What is Kawasaki disease?
Kawasaki disease is a syndrome characterized by inflammation of blood vessels throughout the body. It usually affects infants and young children under 5 years of age.
Kawasaki disease is the leading cause of acquired heart disease in children. The disease was first described by a Japanese paediatrician, Dr. Tomisaku Kawasaki in 1967.
What causes Kawasaki disease?
The exact cause is unknown. It is believed that some sort of infection triggers the immune response of genetically susceptible individuals, but no causative agent has been identified to date.
Is Kawasaki disease contagious?
No. If a child gets Kawasaki disease, it is very unlikely for the siblings to get the illness.
What are symptoms and signs of Kawasaki disease?
The disease usually begins with a high fever which lasts for five days or more.
The other usual symptoms and signs of Kawasaki disease include:
- Red eyes (conjunctivitis) without discharge.
- Red, swollen, cracked lips.
- Red tongue or “strawberry” tongue.
- Red hands and feet with swelling followed by peeling.
- Rash all over the body.
- Swollen glands (lymph nodes) in the neck.
In addition to the above, some children especially younger ones may exhibit extreme irritability. Other diseases like measles, scarlet fever and viral infection may have similar symptoms and signs of Kawasaki disease.
What are the complications?
The most important complication of Kawasaki disease is inflammation of the arteries that supply blood to the heart leading to weakened blood vessels wall and widening (coronary aneurysms). Coronary aneurysms occur up to 25% of those with untreated Kawasaki disease.
Less common complications include inflammation of the lining of the heart (pericarditis), heart valve (valvulitis), joints (arthritis) and covering of the brain and spinal cord (meningitis).
Can the complication be prevented?
The risk of heart complications can be reduced significantly by early treatment.
What tests will a child with Kawasaki disease undergo?
There is no specific test to confirm Kawasaki disease. However, some tests are required to assist in diagnosis and to look for complications.
- Blood tests-to look for signs of anaemia (low red blood cell), raised markers of inflammation and raised platelet count (cell which helps in blood clot formation in blood vessels).
- ECG (electrocardiogram) –to look for any heart rhythm abnormalities.
- Echocardiogram (ultrasound scan of the heart)- to look for heart function and for widening or swelling in the blood vessels in the heart (coronary aneurysms).
What is the treatment for Kawasaki disease?
The treatment for Kawasaki disease is intravenous (given via a drip into a vein) immunoglobulin. It is extracted from pooled human blood and contains concentrated amounts of antibodies. This treatment has been shown to reduce the risk of developing coronary aneurysms, especially when given within 10 days of fever. A respond to treatment is often shown by resolution of fever. Some children with this illness may require more than one dose of immunoglobulin.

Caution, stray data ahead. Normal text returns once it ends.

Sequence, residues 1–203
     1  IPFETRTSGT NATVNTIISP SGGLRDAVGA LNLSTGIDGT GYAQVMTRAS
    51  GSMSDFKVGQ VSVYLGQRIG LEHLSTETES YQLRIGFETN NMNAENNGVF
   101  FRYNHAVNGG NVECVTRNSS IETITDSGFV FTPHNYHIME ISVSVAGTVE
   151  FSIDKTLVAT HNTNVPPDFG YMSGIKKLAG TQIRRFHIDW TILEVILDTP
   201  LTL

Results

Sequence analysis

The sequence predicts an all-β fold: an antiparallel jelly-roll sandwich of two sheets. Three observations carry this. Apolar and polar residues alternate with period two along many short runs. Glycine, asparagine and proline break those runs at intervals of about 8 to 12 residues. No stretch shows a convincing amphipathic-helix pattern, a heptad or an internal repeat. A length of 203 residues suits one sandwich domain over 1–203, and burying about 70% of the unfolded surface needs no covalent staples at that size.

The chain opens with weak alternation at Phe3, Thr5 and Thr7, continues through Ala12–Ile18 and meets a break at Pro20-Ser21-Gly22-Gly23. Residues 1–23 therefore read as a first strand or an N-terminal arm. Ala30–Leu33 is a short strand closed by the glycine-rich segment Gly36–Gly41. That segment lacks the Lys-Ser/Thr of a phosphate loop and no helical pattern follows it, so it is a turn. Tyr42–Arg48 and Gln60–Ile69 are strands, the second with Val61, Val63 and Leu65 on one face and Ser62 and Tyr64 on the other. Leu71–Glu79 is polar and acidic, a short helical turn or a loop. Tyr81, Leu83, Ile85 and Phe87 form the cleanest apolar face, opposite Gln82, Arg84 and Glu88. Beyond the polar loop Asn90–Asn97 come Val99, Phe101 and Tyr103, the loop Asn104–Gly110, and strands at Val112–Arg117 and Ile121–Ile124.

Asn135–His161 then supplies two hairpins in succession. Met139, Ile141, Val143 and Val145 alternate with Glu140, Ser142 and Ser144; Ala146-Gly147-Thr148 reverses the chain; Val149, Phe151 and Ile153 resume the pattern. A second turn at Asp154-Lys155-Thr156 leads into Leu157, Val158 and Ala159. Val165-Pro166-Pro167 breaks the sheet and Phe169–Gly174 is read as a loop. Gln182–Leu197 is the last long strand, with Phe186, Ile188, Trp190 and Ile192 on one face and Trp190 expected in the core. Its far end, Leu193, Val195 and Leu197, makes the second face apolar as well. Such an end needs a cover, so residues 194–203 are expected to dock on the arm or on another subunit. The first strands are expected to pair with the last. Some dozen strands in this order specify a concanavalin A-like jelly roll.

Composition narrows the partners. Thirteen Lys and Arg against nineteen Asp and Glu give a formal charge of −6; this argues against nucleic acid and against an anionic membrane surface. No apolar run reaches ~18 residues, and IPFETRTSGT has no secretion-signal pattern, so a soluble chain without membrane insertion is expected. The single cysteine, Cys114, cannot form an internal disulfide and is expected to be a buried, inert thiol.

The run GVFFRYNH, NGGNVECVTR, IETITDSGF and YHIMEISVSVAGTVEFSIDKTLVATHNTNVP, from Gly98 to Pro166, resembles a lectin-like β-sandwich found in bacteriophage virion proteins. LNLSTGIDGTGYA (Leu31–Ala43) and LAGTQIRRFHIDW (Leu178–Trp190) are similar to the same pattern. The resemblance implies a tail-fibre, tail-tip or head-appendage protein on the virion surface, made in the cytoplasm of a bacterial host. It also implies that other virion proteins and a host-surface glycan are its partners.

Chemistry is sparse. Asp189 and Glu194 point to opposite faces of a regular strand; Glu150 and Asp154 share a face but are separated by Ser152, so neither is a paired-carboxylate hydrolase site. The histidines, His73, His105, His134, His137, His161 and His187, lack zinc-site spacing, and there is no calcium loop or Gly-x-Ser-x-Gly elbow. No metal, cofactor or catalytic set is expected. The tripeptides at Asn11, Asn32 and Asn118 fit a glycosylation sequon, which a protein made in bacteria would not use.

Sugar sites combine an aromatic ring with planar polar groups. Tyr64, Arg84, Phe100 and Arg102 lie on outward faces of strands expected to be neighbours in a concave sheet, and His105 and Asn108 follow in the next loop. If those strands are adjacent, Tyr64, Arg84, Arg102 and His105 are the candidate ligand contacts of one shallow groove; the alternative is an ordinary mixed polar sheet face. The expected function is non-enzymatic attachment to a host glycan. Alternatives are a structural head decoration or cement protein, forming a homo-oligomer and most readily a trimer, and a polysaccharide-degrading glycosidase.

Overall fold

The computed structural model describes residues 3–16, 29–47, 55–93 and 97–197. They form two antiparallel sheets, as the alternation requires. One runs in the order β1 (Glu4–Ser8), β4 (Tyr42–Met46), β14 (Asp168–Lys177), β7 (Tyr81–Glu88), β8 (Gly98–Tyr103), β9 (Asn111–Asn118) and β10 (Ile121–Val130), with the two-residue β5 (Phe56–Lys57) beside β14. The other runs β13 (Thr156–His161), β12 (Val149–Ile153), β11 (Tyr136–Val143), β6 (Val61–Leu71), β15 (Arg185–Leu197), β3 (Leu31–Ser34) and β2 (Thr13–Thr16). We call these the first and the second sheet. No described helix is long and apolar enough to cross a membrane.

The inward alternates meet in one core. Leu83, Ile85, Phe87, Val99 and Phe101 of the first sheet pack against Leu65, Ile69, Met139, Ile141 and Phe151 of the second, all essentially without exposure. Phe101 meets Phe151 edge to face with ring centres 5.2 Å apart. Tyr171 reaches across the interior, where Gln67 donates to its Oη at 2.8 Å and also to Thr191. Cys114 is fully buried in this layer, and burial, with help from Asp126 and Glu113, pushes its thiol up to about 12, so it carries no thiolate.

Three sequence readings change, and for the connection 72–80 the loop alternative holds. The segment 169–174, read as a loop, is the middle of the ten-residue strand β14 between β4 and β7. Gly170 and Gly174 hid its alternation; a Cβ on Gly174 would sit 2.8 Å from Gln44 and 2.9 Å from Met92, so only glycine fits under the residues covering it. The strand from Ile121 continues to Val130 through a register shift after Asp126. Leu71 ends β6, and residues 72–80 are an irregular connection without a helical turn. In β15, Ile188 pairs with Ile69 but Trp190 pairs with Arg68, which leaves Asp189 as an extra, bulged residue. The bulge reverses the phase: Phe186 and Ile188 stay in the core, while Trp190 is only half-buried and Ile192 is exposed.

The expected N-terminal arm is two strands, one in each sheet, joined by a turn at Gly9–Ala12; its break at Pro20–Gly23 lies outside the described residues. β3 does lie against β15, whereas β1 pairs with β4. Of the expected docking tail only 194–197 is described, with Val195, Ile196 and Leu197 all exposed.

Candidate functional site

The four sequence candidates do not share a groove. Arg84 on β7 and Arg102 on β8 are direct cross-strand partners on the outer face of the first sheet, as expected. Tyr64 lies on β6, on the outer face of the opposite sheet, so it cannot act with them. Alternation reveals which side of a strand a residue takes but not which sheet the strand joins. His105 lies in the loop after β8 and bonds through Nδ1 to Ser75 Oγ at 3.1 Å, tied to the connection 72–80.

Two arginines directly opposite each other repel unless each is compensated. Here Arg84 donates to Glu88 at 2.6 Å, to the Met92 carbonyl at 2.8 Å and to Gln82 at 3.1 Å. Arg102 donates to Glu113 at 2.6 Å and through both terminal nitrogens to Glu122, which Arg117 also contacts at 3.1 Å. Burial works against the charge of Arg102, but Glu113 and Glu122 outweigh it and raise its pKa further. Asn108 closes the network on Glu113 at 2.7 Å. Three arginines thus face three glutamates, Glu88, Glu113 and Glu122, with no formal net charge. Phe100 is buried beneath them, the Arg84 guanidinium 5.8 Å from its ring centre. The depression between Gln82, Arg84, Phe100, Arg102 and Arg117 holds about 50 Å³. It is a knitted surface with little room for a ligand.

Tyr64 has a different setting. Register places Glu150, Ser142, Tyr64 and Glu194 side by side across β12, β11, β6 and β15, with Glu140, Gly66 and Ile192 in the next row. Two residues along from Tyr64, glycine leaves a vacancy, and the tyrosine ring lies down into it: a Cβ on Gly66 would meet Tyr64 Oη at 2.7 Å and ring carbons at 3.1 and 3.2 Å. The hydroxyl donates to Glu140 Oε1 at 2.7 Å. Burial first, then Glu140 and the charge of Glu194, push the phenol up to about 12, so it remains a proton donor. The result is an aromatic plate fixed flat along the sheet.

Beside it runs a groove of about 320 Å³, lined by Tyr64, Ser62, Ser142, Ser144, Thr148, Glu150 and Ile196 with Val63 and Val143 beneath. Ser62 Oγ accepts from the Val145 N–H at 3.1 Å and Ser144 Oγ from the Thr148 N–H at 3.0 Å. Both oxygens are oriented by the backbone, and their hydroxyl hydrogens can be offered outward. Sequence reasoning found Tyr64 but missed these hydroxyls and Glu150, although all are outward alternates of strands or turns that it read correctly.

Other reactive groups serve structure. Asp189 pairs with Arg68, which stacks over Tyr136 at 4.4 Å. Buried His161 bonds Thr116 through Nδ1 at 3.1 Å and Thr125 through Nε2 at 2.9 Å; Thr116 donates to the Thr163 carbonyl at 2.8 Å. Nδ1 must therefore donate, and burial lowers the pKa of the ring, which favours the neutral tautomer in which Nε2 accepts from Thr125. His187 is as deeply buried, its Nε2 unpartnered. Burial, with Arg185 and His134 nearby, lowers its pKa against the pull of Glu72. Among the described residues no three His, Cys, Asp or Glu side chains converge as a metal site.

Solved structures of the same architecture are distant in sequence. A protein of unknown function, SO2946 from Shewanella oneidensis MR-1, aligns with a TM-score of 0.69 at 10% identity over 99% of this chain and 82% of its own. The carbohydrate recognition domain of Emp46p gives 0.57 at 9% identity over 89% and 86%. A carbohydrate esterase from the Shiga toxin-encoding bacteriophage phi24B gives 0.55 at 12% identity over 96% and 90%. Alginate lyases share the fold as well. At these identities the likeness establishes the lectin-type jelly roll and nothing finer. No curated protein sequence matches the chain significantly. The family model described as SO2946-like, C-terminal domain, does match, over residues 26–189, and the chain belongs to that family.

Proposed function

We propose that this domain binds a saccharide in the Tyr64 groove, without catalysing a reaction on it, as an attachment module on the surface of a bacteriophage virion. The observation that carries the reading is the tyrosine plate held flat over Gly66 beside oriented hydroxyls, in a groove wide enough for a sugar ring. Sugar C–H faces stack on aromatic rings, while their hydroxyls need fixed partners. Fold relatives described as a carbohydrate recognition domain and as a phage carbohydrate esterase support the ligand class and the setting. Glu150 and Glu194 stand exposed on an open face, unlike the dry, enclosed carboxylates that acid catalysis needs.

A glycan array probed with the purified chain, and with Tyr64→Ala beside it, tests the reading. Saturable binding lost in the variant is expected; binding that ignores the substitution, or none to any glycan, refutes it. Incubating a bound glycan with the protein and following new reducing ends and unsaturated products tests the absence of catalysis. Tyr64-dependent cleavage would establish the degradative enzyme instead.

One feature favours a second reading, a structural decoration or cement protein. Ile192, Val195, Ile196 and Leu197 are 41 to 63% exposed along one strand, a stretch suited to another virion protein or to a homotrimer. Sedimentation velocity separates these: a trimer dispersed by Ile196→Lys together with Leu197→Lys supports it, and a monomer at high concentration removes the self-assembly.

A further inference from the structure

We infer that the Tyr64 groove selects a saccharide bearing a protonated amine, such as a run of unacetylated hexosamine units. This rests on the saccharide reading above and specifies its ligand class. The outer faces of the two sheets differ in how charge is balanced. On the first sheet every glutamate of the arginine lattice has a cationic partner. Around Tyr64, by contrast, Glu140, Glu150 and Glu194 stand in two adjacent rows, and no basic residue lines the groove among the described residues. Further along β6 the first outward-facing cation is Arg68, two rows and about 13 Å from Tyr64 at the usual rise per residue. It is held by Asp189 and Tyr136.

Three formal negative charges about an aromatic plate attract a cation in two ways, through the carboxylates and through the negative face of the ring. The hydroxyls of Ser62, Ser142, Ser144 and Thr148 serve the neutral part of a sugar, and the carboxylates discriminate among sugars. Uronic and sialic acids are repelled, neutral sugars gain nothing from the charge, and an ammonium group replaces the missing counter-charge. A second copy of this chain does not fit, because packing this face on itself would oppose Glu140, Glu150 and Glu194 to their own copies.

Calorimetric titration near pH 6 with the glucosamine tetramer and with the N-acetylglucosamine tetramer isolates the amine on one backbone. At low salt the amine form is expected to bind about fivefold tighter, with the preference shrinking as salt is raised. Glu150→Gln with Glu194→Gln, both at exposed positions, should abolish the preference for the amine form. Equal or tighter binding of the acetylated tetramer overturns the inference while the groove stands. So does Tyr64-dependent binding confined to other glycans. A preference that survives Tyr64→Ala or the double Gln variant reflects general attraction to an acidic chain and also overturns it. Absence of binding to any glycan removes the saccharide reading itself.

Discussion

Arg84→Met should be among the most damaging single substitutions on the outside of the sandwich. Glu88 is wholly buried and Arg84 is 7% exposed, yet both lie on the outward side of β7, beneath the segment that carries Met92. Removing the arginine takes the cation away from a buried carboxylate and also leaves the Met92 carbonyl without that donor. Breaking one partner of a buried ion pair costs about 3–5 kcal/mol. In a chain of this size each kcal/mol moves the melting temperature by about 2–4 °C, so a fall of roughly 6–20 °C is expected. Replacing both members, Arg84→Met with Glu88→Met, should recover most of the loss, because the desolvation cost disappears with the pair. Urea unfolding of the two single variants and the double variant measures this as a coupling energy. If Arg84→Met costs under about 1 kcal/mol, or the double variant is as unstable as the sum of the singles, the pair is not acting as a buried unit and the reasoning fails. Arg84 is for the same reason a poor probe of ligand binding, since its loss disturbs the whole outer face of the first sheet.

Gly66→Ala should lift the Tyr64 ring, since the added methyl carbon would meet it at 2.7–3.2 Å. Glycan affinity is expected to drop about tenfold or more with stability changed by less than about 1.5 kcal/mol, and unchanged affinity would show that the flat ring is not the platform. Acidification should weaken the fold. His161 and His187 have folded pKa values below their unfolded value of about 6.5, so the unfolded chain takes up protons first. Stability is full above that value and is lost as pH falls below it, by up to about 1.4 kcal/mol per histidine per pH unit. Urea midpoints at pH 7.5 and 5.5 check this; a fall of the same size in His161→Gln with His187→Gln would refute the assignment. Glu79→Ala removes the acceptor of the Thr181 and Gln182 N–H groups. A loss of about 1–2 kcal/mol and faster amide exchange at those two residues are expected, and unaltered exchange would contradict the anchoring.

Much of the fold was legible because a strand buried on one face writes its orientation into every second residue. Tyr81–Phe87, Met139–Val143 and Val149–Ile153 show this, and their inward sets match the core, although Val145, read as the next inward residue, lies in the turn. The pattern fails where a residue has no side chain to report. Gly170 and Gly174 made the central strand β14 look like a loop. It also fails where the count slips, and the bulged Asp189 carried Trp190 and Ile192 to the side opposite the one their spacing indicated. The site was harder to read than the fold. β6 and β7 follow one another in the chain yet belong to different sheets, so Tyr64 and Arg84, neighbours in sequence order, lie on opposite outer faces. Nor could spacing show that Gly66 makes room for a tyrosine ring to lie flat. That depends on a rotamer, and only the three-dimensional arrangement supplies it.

Kawasaki disease is also treated with high doses of aspirin (salicylic acid) to reduce inflammation. The dose of aspirin will be reduced once the fever or inflammation has subsided to prevent blood clot formation.
Some parents worry about the side-effects of immunoglobulin which is derived from blood products. It is important to understand that the risks of this are very low, yet the risks from untreated Kawasaki disease are high.
Live-attenuated vaccines such as measles-mumps-rubella (MMR) should be deferred for at least 6 months after a child has received intravenous immunoglobulin.
What is the outlook or long term outcome for children with Kawasaki disease?
Most children with Kawasaki disease resolves on its own after four to eight weeks. The outlook is excellent for those without coronary aneurysms. Most small coronary aneurysms can resolve spontaneously.
However, those children with larger aneurysms have less favourable long term outcome because of risks of blood clots forming in the dilated coronary arteries causing heart attack and death.
Can a child have the disease again?
It is very rare for a child with Kawasaki disease to have the disease again after recovery.
Can Kawasaki disease be prevented?
No. There is no vaccine or other prevention method available for Kawasaki disease at the moment.
Kawasaki Disease Key Points
- Kawasaki disease is a syndrome of unknown cause that mainly affects children under 5 years of age.
- The usual findings of the disease include fever lasting five days or more, redness of the eyes, hands, feet, mouth, and tongue, rash and swollen glands in the neck.
- The disease can be treated with intravenous immunoglobulin and high doses of aspirin (salicylic acid).
- Kawasaki disease generally resolves on its own after four to eight weeks.
- Most children with Kawasaki disease recover completely with some suffering damage to the coronary arteries.
|Last Reviewed||:||10 December 2012|
|Writer||:||Dr. Koh Ghee Tiong|